UPS has avoided what could have been the second-biggest employee strike to hit the delivery company since 1997.
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The Georgia-based parcel service said it's Teamster's Freight division has ratified a new contract.
Up to 11,000 drivers, who are represented by the Teamsters union, could have been on strike as early as Monday morning.
All week, Teamster members across the country have been voting on UPS’s “last, best, and final offer” contract with final votes allied on Sunday.
The two parties had been going back and forth on wage increases, better pay for drivers who perform dock work, benefits and restrictions on subcontractors.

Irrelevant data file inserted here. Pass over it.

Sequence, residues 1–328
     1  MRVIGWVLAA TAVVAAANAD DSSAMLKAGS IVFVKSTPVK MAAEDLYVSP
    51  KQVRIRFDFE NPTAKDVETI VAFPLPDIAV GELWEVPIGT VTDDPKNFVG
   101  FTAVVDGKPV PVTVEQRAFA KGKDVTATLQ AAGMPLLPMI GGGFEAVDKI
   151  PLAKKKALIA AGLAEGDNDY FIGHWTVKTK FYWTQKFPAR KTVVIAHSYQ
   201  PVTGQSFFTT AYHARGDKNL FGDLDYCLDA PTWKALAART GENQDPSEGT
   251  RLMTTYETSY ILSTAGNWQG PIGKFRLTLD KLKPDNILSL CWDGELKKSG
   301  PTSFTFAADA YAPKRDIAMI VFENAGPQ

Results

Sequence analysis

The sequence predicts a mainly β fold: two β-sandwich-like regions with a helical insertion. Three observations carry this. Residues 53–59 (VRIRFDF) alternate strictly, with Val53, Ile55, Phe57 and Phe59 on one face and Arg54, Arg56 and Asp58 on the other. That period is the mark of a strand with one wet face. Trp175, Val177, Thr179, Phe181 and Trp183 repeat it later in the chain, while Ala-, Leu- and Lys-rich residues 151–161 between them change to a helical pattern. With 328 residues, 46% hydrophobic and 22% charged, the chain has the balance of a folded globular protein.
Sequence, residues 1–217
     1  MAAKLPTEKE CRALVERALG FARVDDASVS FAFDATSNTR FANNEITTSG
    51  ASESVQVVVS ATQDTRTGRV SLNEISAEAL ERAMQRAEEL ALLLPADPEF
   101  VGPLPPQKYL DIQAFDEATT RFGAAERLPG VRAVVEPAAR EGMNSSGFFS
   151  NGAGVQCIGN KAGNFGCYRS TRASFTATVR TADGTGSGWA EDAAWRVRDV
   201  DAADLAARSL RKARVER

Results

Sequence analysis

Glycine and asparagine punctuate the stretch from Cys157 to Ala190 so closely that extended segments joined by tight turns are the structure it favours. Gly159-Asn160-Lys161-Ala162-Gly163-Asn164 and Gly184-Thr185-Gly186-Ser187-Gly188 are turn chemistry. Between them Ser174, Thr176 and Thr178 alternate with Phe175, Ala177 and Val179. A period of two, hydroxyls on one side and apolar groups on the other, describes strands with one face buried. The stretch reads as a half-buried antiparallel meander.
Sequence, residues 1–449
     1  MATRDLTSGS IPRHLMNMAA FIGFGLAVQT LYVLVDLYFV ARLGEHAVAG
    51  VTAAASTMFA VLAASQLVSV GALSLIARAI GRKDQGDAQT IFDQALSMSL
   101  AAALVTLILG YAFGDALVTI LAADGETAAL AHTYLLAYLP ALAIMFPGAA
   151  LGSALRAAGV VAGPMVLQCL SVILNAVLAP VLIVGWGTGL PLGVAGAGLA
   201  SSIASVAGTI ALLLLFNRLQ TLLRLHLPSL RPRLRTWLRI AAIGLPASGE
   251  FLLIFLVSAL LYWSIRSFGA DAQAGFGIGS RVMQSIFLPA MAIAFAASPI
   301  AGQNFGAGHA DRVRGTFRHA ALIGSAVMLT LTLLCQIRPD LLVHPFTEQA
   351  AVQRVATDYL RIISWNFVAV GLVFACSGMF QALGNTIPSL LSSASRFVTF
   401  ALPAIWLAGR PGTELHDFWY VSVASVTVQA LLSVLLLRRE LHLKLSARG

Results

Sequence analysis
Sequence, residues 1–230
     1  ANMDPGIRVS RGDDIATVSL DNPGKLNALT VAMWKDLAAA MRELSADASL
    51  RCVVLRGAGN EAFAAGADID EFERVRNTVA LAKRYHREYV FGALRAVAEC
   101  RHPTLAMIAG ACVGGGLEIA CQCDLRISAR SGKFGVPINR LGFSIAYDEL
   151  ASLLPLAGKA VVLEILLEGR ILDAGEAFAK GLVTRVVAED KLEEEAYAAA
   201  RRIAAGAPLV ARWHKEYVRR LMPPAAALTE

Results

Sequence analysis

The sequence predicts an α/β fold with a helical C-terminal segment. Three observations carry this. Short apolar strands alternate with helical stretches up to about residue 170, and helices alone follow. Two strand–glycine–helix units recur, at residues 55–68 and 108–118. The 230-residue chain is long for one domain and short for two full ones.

In a statement to FOX Business, a UPS spokesperson said
“We are pleased that the UPS Freight agreement has been ratified. It is an agreement that rewards our employees for their contributions to the success of the company, while enabling UPS to remain competitive. We will resume normal operations and will immediately begin accepting new volume from UPS Freight customers. Our teams began contacting customers after ratification. We thank our customers for their patience and loyalty.
The UPS Small Package National Master Agreement (NMA) and UPS Freight Master Agreement have been ratified. Customers can remain confident UPS is ready to continue to serve its small package and UPS Freight customers throughout the holiday season and beyond.”
UPS said it would immediately resume pickups for its freight customers, which primarily ship heavier goods and bulk shipments that move on pallets. The company last week stopped picking up orders to empty its freight network of any cargo that could have been stranded during a strike.